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Journalists Lie About Marijuana Like it's Their Job

Submitted by smorgan on

Margaret Wente at The Globe and Mail writes:

The UK made marijuana possession semi-legal a few years ago, but experienced an explosion of pot use among minors, as well as a sharp rise in harmful effects attributed to more potent strains of weed.
She's just factually wrong. Here's what the Guardian says in an Oct. 2007 article entitled Fewer young people using cannabis after reclassification:
Cannabis use among young people has fallen significantly since its controversial reclassification in 2004, according to the latest British Crime Survey figures published today.

The Home Office figures showed the proportion of 16 to 24-year-olds who had used cannabis in the past year fell from 25% when the change in the law was introduced to 21% in 2006/07 - still about 1.3 million users.
Similarly, her claim that there's been "a sharp rise in harmful effects attributed to more potent strains of weed" is utterly false. There has been research suggesting that marijuana may increase the risk of certain mental illnesses, but there has been no increase in people actually developing those conditions. The idea that marijuana potency is a factor here is also purely theoretical and unproven. Here's what the Britain's Advisory Council on the Misuse of Drugs has to say:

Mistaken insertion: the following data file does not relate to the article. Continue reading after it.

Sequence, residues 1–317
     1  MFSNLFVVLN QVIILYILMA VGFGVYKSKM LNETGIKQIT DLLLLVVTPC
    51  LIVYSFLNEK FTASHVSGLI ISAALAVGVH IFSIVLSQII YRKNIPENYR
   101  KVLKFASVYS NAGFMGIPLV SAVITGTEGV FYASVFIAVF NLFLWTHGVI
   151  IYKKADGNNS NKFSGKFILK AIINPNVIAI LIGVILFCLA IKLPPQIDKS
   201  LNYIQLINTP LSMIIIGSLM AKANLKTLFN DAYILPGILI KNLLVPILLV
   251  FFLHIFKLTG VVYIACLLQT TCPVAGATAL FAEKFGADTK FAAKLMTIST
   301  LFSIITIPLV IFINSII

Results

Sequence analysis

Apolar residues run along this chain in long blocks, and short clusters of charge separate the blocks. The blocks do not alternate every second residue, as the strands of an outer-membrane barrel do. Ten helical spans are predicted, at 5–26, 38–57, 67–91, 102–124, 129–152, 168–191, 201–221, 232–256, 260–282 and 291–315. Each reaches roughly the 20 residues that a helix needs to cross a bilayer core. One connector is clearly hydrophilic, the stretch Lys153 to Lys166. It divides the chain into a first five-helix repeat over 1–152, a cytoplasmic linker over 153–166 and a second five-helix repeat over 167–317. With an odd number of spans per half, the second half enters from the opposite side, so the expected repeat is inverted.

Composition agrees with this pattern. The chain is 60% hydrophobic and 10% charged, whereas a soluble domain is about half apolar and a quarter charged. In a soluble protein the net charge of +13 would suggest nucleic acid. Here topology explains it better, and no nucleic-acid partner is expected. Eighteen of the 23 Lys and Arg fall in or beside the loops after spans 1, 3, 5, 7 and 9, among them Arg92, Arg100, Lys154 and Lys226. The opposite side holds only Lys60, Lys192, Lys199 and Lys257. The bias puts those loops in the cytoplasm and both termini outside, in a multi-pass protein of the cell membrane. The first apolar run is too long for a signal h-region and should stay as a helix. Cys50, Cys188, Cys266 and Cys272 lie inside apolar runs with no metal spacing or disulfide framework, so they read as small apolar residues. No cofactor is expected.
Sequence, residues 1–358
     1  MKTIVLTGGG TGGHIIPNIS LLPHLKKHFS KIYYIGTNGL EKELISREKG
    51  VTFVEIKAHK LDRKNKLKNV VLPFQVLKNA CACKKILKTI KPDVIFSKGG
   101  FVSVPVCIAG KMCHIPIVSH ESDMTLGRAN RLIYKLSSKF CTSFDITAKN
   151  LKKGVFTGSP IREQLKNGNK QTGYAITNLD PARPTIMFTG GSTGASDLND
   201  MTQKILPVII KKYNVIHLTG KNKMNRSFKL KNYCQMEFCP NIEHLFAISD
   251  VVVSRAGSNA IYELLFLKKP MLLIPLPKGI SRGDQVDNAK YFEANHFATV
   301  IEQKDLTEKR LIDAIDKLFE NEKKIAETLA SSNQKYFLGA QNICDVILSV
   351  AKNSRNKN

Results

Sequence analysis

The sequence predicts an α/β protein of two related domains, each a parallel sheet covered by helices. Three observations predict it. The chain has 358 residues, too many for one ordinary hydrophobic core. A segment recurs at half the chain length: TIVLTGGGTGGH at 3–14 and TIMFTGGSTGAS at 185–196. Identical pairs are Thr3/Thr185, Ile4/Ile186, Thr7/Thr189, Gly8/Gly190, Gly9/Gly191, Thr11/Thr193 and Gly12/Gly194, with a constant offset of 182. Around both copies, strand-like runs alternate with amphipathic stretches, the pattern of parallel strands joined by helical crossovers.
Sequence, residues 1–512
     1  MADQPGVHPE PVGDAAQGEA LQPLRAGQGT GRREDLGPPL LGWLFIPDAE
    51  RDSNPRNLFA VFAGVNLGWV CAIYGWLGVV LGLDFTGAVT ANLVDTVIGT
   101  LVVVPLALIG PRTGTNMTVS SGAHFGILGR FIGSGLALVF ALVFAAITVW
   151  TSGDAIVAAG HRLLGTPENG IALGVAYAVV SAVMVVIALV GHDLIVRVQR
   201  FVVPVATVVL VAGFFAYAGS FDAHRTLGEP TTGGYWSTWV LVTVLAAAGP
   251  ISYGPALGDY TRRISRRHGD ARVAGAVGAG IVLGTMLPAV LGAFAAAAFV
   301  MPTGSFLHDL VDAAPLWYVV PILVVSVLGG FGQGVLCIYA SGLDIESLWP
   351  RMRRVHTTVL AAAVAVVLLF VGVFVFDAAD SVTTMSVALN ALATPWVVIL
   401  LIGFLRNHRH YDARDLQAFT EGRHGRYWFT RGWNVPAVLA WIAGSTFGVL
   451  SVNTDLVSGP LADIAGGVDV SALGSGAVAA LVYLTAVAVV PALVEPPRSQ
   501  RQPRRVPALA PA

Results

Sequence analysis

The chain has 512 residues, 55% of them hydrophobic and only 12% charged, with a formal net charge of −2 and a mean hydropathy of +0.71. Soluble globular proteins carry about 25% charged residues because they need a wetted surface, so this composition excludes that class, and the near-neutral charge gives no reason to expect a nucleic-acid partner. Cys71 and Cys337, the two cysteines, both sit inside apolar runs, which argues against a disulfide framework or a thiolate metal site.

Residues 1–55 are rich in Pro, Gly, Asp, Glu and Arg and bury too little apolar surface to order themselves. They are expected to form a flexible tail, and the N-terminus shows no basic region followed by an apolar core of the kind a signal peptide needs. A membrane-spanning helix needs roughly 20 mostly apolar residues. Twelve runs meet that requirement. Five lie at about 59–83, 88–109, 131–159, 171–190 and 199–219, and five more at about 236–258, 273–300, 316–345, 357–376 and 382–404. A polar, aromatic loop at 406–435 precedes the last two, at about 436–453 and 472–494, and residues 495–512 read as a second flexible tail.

"The evidence for the existence of an association between frequency of cannabis use and the development of psychosis is, on the available evidence, weak. The council does not advise the reclassification of cannabis products to Class B; it recommends they remain within Class C. [Telegraph]
There simply was no "explosion of pot use among minors" and no "sharp rise in harmful effects". Those things never happened, can't be cited, and don't belong in print. The article's flaws don't stop there either, but I want to focus on these points because they demonstrate reckless and presumably willful disregard for basic facts, rather than simple manipulation or selectivity. There's a difference in terms of journalistic ethics, and I think Margaret Wente forgot that.


Let's let The Globe and Mail know about these clear factual errors. It's easy:
Letters to the Editor - The editor of The Globe and Mail welcomes letters on any subject but reserves the right to condense and edit them. Brevity counts. All letters should be less than 200 words, and must include the name, mailing address and daytime phone number of the writer. The copyright becomes the property of The Globe and Mail if they are accepted for publication. You may also reach us by fax at 416-585-5085.
I know, I know, it feels like you're banging your head against a wall, but enough letters can provoke a response. Do it right now so you won’t forget.

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